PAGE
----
of proof or even necessarily its burden of production."). This alone is reason enough to deny Plaintiff's Motion with respect to Mr. Peters' testimony on obviousness. While the Motion occasionally references Daubert and Rule 702's admissibility standard, it makes no coherent allegations that Mr. Peters' opinions are unreliable or that they would not assist the jury in its determination of the action. However, even if the Motion were proper, it should be denied because it mischaracterizes Mr. Peters' report and his deposition testimony. The majority of Plaintiff's assertions regarding what Mr. Peters' report does or does not contain are flatly untrue. Even if Plaintiff's complaints were a legitimate ground for excluding Mr. Peters' testimony, they fail on their own terms. A. Mr. Peers' Report Identifies the Prior Art Combinations That Invalidate the `067 Patent.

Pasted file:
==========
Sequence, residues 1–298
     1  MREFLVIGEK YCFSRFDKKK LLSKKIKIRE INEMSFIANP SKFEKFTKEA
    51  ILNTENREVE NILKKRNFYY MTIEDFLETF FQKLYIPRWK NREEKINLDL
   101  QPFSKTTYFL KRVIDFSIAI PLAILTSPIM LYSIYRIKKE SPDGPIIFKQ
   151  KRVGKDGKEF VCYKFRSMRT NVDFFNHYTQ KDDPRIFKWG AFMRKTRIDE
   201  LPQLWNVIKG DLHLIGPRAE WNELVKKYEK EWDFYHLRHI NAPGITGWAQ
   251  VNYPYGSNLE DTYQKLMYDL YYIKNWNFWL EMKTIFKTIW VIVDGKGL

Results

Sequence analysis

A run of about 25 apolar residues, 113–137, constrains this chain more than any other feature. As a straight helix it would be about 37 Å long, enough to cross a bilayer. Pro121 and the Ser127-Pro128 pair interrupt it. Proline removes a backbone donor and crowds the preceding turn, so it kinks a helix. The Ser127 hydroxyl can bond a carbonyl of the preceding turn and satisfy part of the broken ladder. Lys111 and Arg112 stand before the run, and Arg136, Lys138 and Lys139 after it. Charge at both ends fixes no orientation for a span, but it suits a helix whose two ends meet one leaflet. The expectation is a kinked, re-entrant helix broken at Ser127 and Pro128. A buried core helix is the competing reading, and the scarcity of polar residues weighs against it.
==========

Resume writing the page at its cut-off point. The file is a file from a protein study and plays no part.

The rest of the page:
Plaintiff complains that "Mr. Peters' report does not identify any particular combinations [of invalidating prior art] out of [an] exponential number of possible combinations," and claims that "Mr. Peters admitted [at his deposition] that his report does not specify any specific combination that he contends renders the Asserted Claims obvious." (Motion at 3.) This is untrue. First, Mr. Peters spends dozens of paragraphs of his report specifically identifying the prior art that disclosed each of the elements of the asserted claims. (See, e.g., Ex. A to Motion, ¶ 94-96 (explaining how the Kurtzman, Braden-Harder and Kupiec references specifically disclose claims 1(a), 1(b), 1(d), 1(i) and 61); ¶¶ 99-110 (explaining how the Chislenko, Herz, Eichstaedt, Brookes, Dasan, Siefert, Sheena, Dedrick, Eichstaedt and Krishnan references specifically disclose claims 1(a), 3 and 4).) Then, Mr. Peters identifies several specific ways in which these references could be combined to render the asserted claims of the `067 patent obvious. (Id. at ¶ 160 ("For example, Claim 1 is obvious in light of Salton (1989) in combination with Culliss. . . . Claim 1 is also obvious in light of Herz in combination with Braden-Harder. . . . Further, claim 45 is obvious in light of Salton (1968) in combination with Herz, and also in light of Braden-Harder in combination with Kurtzman.").) Finally, Mr. Peters